Berberis sublevis W. W. Sm.

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Credits

Article from Bean's Trees and Shrubs Hardy in the British Isles

Recommended citation
'Berberis sublevis' from the website Trees and Shrubs Online (treesandshrubsonline.org/articles/berberis/berberis-sublevis/). Accessed 2020-01-21.

Genus

Other species in genus

Glossary

acute
Sharply pointed.
apex
(pl. apices) Tip. apical At the apex.
cuneate
Wedge-shaped.
glabrous
Lacking hairs smooth. glabrescent Becoming hairless.
lanceolate
Lance-shaped; broadest in middle tapering to point.
section
(sect.) Subdivision of a genus.

References

There are currently no active references in this article.

Credits

Article from Bean's Trees and Shrubs Hardy in the British Isles

Recommended citation
'Berberis sublevis' from the website Trees and Shrubs Online (treesandshrubsonline.org/articles/berberis/berberis-sublevis/). Accessed 2020-01-21.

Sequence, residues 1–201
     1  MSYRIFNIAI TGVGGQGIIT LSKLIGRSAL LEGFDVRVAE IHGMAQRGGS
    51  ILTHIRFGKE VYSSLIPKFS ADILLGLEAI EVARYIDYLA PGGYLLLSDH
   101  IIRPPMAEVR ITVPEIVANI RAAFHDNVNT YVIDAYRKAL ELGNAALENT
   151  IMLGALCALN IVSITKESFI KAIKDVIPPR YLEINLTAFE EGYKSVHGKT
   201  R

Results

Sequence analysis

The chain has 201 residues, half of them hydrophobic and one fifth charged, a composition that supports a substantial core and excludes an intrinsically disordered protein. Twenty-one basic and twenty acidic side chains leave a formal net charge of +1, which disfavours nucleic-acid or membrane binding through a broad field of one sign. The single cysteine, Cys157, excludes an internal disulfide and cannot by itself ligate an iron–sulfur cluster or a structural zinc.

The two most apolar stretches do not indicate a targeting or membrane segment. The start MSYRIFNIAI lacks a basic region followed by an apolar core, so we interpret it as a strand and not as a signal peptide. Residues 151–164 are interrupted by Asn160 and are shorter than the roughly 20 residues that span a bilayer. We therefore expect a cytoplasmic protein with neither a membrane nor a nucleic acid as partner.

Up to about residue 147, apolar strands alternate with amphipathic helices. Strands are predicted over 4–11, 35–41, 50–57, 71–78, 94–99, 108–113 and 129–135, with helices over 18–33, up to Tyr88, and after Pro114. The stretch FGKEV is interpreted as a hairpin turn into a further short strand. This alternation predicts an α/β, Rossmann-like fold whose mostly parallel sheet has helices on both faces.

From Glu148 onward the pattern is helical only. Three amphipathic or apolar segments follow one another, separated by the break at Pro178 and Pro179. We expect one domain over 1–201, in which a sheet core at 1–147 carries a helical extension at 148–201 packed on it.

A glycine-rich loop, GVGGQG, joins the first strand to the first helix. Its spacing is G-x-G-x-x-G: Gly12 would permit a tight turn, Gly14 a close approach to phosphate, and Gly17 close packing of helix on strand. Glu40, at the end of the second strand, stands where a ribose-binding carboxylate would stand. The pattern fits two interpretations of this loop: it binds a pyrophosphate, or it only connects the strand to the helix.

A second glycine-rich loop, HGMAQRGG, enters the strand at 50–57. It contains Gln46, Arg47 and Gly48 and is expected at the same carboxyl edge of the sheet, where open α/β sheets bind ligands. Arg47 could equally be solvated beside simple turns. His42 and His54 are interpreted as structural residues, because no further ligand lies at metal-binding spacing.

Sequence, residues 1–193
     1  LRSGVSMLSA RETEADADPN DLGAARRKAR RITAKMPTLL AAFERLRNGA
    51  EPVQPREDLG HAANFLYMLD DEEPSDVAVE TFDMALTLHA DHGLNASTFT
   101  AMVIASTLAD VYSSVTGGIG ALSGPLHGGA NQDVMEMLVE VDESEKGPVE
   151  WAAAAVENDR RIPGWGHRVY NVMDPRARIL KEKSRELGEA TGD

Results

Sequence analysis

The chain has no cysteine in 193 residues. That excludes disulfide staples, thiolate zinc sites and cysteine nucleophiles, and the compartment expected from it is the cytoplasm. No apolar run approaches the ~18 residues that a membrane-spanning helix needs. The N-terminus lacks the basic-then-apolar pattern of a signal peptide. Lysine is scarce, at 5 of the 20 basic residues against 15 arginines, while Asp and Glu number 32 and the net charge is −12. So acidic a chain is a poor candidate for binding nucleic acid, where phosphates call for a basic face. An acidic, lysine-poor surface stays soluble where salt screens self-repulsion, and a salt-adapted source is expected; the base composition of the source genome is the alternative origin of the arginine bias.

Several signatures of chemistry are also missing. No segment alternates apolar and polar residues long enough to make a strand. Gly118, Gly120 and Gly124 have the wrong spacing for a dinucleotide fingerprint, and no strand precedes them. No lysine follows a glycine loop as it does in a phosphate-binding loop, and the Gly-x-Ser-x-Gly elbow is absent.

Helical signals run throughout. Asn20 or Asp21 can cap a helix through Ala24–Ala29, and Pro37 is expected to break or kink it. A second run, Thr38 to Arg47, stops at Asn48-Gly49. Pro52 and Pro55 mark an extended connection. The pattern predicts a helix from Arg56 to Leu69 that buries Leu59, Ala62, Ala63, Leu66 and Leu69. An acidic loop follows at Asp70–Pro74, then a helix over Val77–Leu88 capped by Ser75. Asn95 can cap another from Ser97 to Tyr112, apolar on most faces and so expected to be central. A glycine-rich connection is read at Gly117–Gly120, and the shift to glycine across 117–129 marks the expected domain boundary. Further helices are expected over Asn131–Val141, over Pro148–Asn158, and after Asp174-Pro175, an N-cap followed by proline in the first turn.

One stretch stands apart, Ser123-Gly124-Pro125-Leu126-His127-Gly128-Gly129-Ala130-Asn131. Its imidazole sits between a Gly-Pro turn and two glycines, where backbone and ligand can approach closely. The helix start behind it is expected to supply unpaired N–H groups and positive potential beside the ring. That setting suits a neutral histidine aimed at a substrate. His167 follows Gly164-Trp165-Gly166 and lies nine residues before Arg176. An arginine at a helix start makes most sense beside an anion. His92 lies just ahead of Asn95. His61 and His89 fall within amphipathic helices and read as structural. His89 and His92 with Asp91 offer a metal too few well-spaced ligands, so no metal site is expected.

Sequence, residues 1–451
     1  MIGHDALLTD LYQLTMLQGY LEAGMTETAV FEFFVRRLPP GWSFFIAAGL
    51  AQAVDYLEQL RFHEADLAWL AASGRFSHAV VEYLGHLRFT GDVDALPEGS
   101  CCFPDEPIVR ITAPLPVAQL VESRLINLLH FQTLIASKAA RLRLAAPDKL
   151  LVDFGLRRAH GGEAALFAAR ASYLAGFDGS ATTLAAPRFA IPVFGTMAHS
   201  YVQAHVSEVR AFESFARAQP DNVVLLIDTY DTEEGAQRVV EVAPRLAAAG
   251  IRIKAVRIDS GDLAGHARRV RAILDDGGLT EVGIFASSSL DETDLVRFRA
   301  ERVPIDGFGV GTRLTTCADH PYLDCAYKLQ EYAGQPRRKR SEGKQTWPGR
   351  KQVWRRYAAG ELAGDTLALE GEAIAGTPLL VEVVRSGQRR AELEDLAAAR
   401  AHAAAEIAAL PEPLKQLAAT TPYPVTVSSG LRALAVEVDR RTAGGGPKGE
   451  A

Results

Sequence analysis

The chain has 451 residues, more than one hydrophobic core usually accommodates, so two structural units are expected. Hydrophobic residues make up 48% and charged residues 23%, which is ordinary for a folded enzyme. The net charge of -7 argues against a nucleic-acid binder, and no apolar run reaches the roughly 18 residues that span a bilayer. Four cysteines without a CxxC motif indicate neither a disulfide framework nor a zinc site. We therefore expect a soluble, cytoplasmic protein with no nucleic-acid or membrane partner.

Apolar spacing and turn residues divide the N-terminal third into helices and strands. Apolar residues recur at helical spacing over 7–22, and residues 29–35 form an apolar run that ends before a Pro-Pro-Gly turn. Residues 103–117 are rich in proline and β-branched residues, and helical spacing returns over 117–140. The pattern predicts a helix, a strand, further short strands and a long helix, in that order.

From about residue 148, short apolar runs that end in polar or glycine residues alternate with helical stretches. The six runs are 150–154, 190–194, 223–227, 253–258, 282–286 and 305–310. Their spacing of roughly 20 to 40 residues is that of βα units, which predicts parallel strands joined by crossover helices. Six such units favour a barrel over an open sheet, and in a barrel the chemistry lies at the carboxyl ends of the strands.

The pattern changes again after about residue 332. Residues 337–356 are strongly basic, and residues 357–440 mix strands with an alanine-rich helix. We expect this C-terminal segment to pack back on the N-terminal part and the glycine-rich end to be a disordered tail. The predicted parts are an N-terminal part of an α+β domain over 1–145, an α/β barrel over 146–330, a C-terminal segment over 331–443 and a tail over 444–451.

An evergreen shrub of sturdy habit from 5 to 7 ft high; shoots ribbed, glabrous, armed with three-pronged spines up to 114 in. long. Leaves varying from solitary to fascicles of six, 112 to 3 in. long, 14 to 12 in. wide, oblong-lanceolate, the base cuneate, the apex acute, spine-tipped, margins spiny, green beneath, glabrous. Flowers in close clusters of up to twelve, each on a slender stalk 12 to 1 in. long, fragrant, pale orange-yellow according to Forrest, 12 in. wide. Fruits small, deep red, 14 in. or less long, narrowly oval.

Native of Yunnan, China, discovered by Forrest in 1912. It belongs to the Wallichianae section and has the characteristic dark green, more or less oblong leaves of that group. It was shown at Vincent Square on 9th March 1937 as “B. wallichiana microcarpa”, carrying primrose-yellow flowers.


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